Bowel cancer, or colorectal cancer, is an umbrella term given to a cancer that exists in the lining of the colon and/or rectum (or large bowel).
Many cancers of the bowel start with small growths or polyps that develop in the inner lining of the gut. These may transform into malignant growths over time if they aren’t treated. If they are caught early when the growth is just in the bowel wall, the chances of treatment are very good.
Here are a few “myths” about colon cancer and the facts you need to know:
Myth # 1: Bowel cancer only affects men - it is a “men’s disease.”
Bowel cancer affects both men and women – of any race. In fact, over 7000 women died of colorectal cancer in the UK in 2014 and it is the third most common cause of cancer death in women (cancer research UK). It is an equal opportunity disease that does not discriminate against gender or race. Remember - your age, not your gender, is the single most important risk factor for colorectal cancer.
Myth # 2: You don't need to be screened for colon cancer if you have regular bowel movements and are feeling fine.
Bowel cancer may present with change in bowel habit or bleeding from your bottom. However, in some cases there can be little or no symptoms. When colon cancer is caught early, treatment will be very succesful. However, when colon cancer is detected at later stages, the chances for cure are much lower. If you wait for symptoms to appear then the chance of the cancer being picked up at a later stage and being untreatable are higher. Screening with colonoscopy allows cancer and pre-cancerous lesions to be diagnosed at an earlier and more treatable stage.
Myth # 3: You don't need to get screened for bowel cancer if there is no family history of bowel cancer.
Most people with bowel cancer do not have a family member with the disease. Only 10-20% of people that have bowel cancer have a family member with the disease. You can still get bowel cancer, even if no one in your family has previously had it. A family history just means that you may need to start your screening earlier or screen more frequently.
Myth # 4: There is nothing I can do to prevent bowel cancer.
Bowel cancer may be preventable. A low-fat diet, high in vegetables and fruits, and exercise may reduce your risk of developing the disease.
Since most bowel cancer develops from non-cancerous polyps - growths on the lining of the colon and rectum - screening methods can detect and remove polyps before they become cancerous. Pre-cancerous polyps, known as ‘adenomas’ take 5 years or more to develop into cancers. Therefore if the adenomas can be removed at any stage during that 5 year period then the cancer can be prevented from developing.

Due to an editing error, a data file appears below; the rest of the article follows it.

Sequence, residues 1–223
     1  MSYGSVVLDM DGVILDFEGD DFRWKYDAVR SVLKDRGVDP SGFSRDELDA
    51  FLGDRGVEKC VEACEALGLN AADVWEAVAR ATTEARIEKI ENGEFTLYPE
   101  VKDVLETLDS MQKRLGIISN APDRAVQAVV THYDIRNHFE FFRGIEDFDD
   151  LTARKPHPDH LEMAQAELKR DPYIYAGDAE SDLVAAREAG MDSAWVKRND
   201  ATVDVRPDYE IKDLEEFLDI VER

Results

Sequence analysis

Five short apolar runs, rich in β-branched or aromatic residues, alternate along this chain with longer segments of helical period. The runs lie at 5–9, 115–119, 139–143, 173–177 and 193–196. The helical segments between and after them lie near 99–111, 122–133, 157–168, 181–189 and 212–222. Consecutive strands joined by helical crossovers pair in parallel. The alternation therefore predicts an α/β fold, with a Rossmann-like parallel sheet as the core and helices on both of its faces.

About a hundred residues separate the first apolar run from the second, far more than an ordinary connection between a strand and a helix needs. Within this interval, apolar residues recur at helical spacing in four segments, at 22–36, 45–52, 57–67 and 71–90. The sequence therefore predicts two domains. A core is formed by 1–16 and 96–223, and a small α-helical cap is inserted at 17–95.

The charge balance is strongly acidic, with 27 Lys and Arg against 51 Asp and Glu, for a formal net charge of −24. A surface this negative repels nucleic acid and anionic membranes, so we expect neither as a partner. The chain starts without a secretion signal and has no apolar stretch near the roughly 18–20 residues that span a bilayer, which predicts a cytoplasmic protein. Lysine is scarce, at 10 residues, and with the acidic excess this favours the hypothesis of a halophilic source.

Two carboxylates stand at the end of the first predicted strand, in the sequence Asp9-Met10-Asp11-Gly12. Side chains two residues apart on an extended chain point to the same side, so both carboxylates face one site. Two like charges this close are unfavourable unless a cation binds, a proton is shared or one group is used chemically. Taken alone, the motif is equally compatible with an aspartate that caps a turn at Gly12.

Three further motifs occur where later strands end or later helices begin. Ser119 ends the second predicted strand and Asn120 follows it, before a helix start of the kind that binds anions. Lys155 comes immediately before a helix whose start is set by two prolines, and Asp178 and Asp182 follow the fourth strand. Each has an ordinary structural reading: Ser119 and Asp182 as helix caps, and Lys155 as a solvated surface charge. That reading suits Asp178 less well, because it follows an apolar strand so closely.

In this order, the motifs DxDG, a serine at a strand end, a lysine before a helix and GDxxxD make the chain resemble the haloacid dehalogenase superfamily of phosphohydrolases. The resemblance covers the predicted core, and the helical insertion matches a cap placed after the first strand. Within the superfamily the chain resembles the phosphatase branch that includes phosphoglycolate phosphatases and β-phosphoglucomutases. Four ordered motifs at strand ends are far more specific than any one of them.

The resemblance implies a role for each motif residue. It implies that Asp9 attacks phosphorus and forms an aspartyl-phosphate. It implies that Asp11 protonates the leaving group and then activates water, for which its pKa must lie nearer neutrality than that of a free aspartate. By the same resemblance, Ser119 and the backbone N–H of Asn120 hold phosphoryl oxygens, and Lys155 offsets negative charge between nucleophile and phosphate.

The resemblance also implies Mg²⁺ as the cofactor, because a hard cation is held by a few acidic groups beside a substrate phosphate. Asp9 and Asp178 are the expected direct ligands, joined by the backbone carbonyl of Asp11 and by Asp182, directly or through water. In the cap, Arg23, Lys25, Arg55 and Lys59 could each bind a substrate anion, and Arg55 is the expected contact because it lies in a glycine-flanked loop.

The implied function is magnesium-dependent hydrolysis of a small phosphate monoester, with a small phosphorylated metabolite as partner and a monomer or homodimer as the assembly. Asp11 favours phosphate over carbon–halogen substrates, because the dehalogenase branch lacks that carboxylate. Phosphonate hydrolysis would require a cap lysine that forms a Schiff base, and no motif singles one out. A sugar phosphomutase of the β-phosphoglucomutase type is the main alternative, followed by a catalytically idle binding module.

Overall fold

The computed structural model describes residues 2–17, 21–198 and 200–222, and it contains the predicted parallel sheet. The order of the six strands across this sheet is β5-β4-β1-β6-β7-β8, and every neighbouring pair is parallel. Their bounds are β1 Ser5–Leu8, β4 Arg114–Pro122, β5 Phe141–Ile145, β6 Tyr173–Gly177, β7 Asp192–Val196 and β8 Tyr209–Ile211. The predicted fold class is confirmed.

Myth # 5: Once you are diagnosed with bowel cancer, it is too late to do anything about it - it is fatal.
Bowel cancer is a preventable and highly treatable cancer when caught at an early stage.
People who are diagnosed with stage 1 colorectal cancer (ie cancer confined to the inner lining of the bowel) have over a 90% 5 year survival rate. In contrast, people that have stage 4 bowel cancer where the cancer has spread to distant organs have a only a 10% 5 year survival rate.
When detected early, bowel cancer can be prevented, stopping it reaching an advanced stage. As mentioned previously, most bowel cancers arise from the lining of the colon and start to develop small growths called polyps. While most polyps aren’t dangerous, some can grow larger over time and may develop into cancer. If the polyp is found early enough through screening, doctors can remove it and stop the bowel cancer advancing.
Myth # 6: Screening is only necessary for individuals who have symptoms.
The fact is that the earlier bowel cancer is picked up, the easier it is to treat, and the better the patients chances of a cure. Screening is reasonable at an early age, even if there are no symptoms, and especially in certain groups, i.e. those with a family history.
Myth # 7: A Colonoscopy is a difficult procedure to undergo.
The colonoscopy procedure is not a very painful procedure. Patients are sedated during the procedure to reduce levels of discomfort. The preparation begins the day before as the intestinal tract must be cleansed as thoroughly as possible. Strong laxatives are given to achieve this.
Myth # 8: Having a polyp means I have cancer and need surgery.
Some polyps (adenomas) are pre-cancerous lesions that can progress to bowel cancer. If these polyps are detected and removed before this progression, bowel cancer can be prevented. This is how colonoscopies and sigmoidoscopies prevent deaths from colon cancer.
Most benign polyps are completely treated and removed during a colonoscopy. Even large ones can be removed endoscopically. It is true that if cancer is found within the polyp, you may need surgery to remove that part of the colon.
Even if you need surgery, many procedures today can be performed using laparoscopic or minimally invasive approaches, which minimize recovery time, pain, and have many other benefits.
Myth # 9: Colonoscopies are the only way to detect bowel cancer.
Colonoscopy is the best screening tool for bowel cancer as it is very accurate and means that polyps can be removed and biopsies can be taken at the same time is necessary.
There are however, also a variety of other screening methods from very simple things like faecal occult blood (FOB) testing which aim to pick up any blood from your poo, to virtual colonoscopy which involves a very accurate scan of your bowel which is interpreted by a radiologist.